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Team receives grant to tackle food security, infrastructure issues

10/27/2016 11:13:53 AM

CEE at Illinois professor Paolo Gardoni is part of a multi-institutional research team that has been awarded a four-year, $2.5 million grant from the National Science Foundation’s (NSF) Critical Resilient Interdependent Infrastructure Systems and Processes (CRISP) program. The interdisciplinary team will examine the problem of food security in the United States by focusing on interconnected infrastructure networks and how natural disasters impact them.

Paolo Gardoni
Paolo Gardoni

“One of the main characteristics of the problem is the fact that food security—or rather, food insecurity—is a result of cascading effects that involve multiple infrastructure,” said Gardoni. “We’re considering four of these critical infrastructure—transportation, energy, water and food distribution—as fundamental for understanding, modeling and addressing the problem of food insecurity.”

The team will model the functionality and vulnerabilities of the four individual networks, and integrate the models to account for interdependencies between the systems. Additionally, the team will examine unique characteristics of different natural disasters and how they impact these networks. The researchers will characterize tornadoes, earthquakes, floods and hurricanes because they are among the most common hazards in the U.S., with each bringing different challenges and issues.

Since food security in a community is a product not only of functioning interconnected infrastructure systems but also social and economic networks, the research project is an interdisciplinary effort involving Engineering, Social, Behavioral and Economic (SBE) Science, and Computer and Computational Science. Engineering is needed to model the physical systems and their interdependencies; SBE sciences are required to understand and model food distribution networks with a focus on vulnerable populations; and Computer and Computational Sciences are needed to develop comprehensive models as well to assess policy and organizational interventions that lead to greater resiliency.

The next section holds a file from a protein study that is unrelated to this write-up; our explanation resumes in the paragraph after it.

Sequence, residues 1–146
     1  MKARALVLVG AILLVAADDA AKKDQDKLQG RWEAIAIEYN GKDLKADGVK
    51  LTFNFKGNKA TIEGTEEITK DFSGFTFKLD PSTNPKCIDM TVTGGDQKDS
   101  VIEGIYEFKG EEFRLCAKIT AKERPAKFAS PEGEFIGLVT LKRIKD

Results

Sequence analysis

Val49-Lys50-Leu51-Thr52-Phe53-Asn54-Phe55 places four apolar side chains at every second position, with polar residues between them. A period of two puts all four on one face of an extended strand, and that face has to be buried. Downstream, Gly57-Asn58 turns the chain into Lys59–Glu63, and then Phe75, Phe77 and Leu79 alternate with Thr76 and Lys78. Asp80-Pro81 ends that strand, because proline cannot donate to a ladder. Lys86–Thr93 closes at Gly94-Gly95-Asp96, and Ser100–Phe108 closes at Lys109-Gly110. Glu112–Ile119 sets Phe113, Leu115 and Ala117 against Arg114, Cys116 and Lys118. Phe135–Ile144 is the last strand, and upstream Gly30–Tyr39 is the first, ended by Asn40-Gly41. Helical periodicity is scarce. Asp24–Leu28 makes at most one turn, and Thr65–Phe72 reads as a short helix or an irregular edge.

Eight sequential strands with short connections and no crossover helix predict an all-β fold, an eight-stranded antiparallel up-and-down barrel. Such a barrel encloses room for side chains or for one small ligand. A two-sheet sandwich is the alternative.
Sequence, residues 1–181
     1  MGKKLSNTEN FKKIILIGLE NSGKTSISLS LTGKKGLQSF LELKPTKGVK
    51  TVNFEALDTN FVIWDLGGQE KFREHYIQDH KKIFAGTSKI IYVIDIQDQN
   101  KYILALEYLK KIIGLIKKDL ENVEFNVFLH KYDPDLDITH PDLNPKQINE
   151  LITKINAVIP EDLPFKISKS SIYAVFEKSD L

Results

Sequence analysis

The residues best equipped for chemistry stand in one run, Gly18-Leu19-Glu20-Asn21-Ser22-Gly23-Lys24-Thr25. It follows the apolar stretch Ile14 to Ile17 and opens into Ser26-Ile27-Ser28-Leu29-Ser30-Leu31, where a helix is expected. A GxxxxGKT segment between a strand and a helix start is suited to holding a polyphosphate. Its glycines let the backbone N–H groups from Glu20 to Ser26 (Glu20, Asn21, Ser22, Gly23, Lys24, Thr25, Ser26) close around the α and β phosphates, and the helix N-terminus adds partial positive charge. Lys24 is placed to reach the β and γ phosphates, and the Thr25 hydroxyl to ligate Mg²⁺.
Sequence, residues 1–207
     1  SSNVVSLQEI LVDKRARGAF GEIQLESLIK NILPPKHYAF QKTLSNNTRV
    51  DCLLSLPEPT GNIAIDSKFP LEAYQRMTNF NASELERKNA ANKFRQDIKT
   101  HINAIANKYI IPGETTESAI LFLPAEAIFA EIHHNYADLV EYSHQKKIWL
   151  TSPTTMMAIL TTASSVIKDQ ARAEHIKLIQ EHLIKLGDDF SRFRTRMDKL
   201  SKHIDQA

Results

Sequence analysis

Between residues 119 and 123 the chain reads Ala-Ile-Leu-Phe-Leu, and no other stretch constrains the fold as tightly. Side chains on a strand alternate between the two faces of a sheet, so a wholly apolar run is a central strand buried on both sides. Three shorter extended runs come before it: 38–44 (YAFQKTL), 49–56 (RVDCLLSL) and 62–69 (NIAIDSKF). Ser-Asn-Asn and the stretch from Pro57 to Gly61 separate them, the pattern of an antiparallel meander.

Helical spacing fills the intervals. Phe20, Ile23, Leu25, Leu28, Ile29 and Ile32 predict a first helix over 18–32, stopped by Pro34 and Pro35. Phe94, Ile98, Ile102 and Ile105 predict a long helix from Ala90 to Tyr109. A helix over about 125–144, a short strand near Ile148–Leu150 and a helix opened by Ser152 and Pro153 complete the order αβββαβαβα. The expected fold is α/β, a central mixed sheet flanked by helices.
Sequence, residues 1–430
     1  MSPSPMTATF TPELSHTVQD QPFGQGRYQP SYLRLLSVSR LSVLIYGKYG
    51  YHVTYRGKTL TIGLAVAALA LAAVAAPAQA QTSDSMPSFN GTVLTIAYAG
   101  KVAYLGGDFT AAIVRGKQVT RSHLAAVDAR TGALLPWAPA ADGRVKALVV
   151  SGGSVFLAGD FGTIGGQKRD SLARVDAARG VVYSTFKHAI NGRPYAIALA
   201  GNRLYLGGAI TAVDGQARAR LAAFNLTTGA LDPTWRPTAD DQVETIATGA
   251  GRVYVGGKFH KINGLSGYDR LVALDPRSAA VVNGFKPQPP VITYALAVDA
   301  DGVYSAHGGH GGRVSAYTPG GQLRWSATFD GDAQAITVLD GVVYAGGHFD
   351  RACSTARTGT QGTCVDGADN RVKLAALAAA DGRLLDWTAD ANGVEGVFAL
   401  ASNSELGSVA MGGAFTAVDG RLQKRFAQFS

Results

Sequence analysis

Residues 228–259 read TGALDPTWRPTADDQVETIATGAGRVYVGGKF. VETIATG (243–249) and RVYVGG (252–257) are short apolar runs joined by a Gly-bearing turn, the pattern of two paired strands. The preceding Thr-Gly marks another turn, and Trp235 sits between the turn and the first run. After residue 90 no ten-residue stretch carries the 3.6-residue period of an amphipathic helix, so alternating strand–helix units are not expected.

“We’re not [just] talking about why a bridge failed. If it was why a bridge failed, engineers alone could figure this out,” Gardoni said. “The ultimate goal should not be the maximum displacement of the top of a column, or the physical response of a structure or even of a system. The ultimate goal is the well-being of individuals, which is beyond civil engineering. So we need to integrate civil engineering with the social sciences to together tell us about the well-being of individuals.”

The primary goal of the interdisciplinary research project is to develop a framework that integrates all of these data into computational models that can be used to guide regional decision-making, both before a disaster (in order to mitigate impact and improve resiliency, or the ability of a community to recover) and after (to guide recovery efforts).

“Every discipline has their own way of tackling a problem, their own language, their own interests, their own aspect they’re interested in solving,” Gardoni said. “In order to be successful you cannot just take four or five people from different disciplines and put them in a room and expect it to work. It’s important to have people who have experience working together, and experience working with people outside their own discipline.”

Included among the other members of the team are Bruce Ellingwood, professor of Civil and Environmental Engineering at Colorado State University (CSU), and Walter Peacock, professor of Urban Planning in the Department of Landscape Architecture and Urban Planning and the Director of the Hazard Reduction and Recovery Center at Texas A&M University (TAMU), both of whom have worked with Gardoni for many years at the MAE Center (of which Gardoni serves as director). John van de Lindt, professor of Civil and Environmental Engineering at CSU, is also part of the team. Van de Lindt, Ellingwood, Gardoni and Peacock are all part of the leadership team of the U.S. Department of Commerce’s National Institute of Standards and Technology (NIST)-funded Center for Risk-based Community Resilience Planning. Gardoni believes this shared collaborative history will be instrumental in helping the team work effectively together.

Other members of the team include Edwin Chong (Electrical and Computer Engineering, and Mathematics, CSU), Dan Goldberg (Department of Computer Science & Engineering and Department of Geography and GeoInnovation Service Center, TAMU), Santanu Chaudhuri (Illinois Applied Research Institute, University of Illinois at Urbana-Champaign), Nathanael Rosenheim (Hazard Reduction and Recovery Center and the Texas Census Data Research Center, TAMU), and Jamie Kruse (Department of Economics, Center for Natural Hazards Research, East Carolina University).

Gardoni is director of the MAE Center, co-director of the CEE at Illinois Societal Risk Management interdisciplinary program, associate director of the NIST-funded Center for Risk-based Community Resilience Planning and founder and editor-in-chief of the international journal Sustainable and Resilient Infrastructure. His areas of expertise include sustainable and resilient infrastructure; reliability, risk and performance analysis; policies for natural hazard mitigation and disaster recovery; and ethical, social, and legal dimensions of risk. The NSF CRISP award announcement can be found here.